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Results: 60% want Apple to thicken the next iPhone to improve battery life

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A recent poll of over 3,100 9to5Mac readers indicates that most are not satisfied with current-generation iPhone battery life. Over 90% of respondents said that they want to see Apple improve iPhone battery life, versus less than 7% saying that “iPhone battery life and battery cases are good enough as-is.”

The split in responses interestingly suggests that Apple can safely stop prioritizing thinness over superior battery performance. A solid majority of over 60% of respondents said that Apple should thicken the next iPhone to improve its battery life, which is especially noteworthy given that there were other poll options. Over 31% said that Apple should achieve whatever battery improvements it can by improving the iPhone’s chips, while just under 2% said that Apple should instead focus on improving battery cases.

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Opinion: Should Apple improve iPhone battery life, or just battery cases?

energislidingpowercase-7

As this photo of the original Mophie Juice Pack and Tylt’s Energi for iPhone 6 shows, iPhone battery cases haven’t changed much over the years. They’ve existed for almost as long as iPhones, and remained ubiquitous due to Apple’s continued focus on thinness over longevity. That hasn’t been great for consumers: as 9to5’s Seth Weintraub put it, people are more impacted by their phones’ battery life than an extra 2mm of thinness.

It took until 2014 for Apple to offer one iPhone model — the iPhone 6 Plus — with all-day battery life, though you have to be willing to accept a much larger footprint to get that. By comparison, the smaller and reportedly more popular iPhone 6 improved only around 7% upon the iPhone 5s in run time, so the typical iPhone user isn’t seeing much of an improvement over prior models.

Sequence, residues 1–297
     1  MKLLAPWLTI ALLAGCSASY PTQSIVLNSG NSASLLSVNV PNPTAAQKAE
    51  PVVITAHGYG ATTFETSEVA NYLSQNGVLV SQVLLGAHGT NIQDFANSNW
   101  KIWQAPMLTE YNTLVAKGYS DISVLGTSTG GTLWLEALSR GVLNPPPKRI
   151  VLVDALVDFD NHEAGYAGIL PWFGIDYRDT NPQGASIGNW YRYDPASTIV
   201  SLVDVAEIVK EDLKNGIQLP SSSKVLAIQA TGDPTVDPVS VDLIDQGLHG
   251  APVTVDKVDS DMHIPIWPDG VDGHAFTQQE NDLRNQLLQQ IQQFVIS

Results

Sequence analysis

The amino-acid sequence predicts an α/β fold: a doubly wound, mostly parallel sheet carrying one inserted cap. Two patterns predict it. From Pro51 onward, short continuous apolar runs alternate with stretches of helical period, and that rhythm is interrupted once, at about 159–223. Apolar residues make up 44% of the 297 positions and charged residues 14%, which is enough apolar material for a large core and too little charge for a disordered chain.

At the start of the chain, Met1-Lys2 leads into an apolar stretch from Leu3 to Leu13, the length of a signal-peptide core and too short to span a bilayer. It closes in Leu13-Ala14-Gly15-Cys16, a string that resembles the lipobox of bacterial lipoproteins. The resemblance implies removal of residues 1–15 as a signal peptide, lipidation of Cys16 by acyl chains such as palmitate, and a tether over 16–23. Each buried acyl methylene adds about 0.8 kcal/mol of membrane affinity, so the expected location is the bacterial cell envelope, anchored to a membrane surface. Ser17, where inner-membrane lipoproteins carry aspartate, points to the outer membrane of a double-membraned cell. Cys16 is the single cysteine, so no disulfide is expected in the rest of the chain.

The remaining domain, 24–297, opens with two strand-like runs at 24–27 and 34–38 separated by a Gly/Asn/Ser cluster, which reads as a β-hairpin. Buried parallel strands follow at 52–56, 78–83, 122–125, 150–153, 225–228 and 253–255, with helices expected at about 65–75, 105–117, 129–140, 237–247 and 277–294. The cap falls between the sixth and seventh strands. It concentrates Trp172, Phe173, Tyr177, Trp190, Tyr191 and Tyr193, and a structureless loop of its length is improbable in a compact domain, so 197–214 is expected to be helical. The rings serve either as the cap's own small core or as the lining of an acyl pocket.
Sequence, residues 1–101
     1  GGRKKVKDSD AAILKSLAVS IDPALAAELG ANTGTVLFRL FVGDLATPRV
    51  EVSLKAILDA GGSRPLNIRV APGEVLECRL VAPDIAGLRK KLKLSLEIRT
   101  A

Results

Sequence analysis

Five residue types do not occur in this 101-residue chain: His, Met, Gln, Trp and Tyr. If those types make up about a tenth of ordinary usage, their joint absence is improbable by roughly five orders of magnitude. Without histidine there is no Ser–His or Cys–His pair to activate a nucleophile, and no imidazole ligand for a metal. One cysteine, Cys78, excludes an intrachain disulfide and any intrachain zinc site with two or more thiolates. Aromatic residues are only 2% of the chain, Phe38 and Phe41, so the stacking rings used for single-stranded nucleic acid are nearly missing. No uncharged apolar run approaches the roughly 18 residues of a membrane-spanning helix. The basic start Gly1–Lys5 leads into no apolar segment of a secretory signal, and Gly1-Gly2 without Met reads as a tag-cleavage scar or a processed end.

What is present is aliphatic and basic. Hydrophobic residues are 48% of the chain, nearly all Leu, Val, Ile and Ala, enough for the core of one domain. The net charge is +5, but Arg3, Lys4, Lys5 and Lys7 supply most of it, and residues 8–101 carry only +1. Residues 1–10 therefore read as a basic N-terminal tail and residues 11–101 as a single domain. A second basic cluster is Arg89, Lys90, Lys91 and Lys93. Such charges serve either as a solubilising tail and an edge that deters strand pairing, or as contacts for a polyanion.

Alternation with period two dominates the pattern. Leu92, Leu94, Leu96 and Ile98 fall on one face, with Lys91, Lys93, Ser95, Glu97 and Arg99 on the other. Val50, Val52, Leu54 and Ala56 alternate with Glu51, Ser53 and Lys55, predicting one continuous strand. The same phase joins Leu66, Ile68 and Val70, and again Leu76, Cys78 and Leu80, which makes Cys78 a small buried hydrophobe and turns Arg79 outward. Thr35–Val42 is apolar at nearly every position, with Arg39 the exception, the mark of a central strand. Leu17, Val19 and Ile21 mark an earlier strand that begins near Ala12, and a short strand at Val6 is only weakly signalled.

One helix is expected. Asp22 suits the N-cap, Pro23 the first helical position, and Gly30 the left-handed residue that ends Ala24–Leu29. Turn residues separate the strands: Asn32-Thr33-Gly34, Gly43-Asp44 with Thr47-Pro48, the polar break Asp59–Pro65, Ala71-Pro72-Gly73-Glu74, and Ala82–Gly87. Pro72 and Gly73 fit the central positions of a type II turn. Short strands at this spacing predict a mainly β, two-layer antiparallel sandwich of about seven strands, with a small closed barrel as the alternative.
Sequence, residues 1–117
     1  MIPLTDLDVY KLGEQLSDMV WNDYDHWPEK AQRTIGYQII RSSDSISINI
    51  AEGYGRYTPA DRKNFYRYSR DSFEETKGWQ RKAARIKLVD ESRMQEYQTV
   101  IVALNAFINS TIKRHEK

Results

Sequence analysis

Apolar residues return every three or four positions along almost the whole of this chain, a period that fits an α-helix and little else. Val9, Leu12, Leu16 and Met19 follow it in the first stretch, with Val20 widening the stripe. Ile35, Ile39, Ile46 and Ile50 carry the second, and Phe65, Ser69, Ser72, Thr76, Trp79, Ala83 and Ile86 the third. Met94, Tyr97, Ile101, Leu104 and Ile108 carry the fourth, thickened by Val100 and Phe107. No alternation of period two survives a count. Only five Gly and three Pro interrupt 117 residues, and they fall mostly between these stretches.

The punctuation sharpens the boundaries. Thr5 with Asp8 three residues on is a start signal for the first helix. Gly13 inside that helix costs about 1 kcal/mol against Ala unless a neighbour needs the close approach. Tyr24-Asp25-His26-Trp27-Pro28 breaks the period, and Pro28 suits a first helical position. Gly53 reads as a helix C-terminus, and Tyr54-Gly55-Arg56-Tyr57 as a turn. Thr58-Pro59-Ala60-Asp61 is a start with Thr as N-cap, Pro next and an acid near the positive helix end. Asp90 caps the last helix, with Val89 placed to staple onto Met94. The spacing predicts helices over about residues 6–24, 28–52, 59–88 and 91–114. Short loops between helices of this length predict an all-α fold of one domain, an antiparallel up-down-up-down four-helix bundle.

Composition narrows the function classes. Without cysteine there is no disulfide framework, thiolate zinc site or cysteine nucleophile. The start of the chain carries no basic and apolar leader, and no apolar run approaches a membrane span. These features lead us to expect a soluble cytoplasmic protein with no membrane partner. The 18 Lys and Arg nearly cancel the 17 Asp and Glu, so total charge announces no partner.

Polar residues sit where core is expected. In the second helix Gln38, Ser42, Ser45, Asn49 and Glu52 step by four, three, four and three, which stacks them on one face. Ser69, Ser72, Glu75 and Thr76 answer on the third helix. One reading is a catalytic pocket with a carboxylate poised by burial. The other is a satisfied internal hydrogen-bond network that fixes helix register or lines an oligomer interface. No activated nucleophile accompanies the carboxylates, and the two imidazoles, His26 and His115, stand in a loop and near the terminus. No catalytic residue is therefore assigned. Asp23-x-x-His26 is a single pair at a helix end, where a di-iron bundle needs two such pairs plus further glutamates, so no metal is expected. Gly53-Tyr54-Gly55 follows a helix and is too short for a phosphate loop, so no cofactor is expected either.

With a variety of alternatives at Apple’s disposal, including some major chip improvements that are just around the corner, we wanted to pose two questions to our readership. Should Apple take a break from slimming down iPhones to focus on improving battery life? Or should it instead focus its efforts on making battery cases better? Read on for our thoughts, and share yours in the comments section below…

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Opinion: If any Apple Watch will cost thousands of dollars, Apple needs to start telling that story

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Here’s a thought: Assume that the 18k gold Apple Watch Edition is several thousand dollars, as some people are currently predicting. How will Apple deliver that piece of news — which hasn’t officially been confirmed before, and remains the subject of increasingly wild speculation — to the public?

Depending on your perspective, a high price won’t be bad news for people who expect their jewelry to carry four- or five-digit price tags. But it’s going to be hard to explain why the Apple Watch Edition is priced so far apart from the entry level Apple Watch Sport… or most of Apple’s other products for that matter. Fake gold or not, golden iPhones starts at $99, and iPads at $399 or $499, just like non-gold ones.

While Apple has already started telling the story of what the Apple Watch will do for people that wear it, it has barely told the story on its own of how much it will cost and why. I believe that detail alone is worthy of a second Apple Watch event led by Tim Cook before the Watch hits the market in April. Read more

Opinion: What we can expect from an Apple Car if it really goes on sale in 2020

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What a difference a couple of weeks can make. We knew on February 5th that Apple was offering quarter-million dollar signing bonuses to Tesla engineers to persuade them to jump ship, but the idea that the company planned to make a car was just a vague rumor. Fast-forward a fortnight and it’s now being treated as established fact.

Our own exclusive reporting on the sheer range of automotive hires by Apple makes it clear that the company is, at the very least, seriously investigating the possibility, with a 1,000-strong team reportedly approved by Tim Cook. And while we need to bear in mind the cautionary note in Seth Weintraub’s piece that there’s a big difference between an R&D project and a real, live product, at this stage an Apple car seems more likely than not.

But if Bloomberg is right that Apple plans to launch a car by 2020, I think it’s important to recognize what form that car will and won’t take (spoiler: it won’t look like the above) …  Read more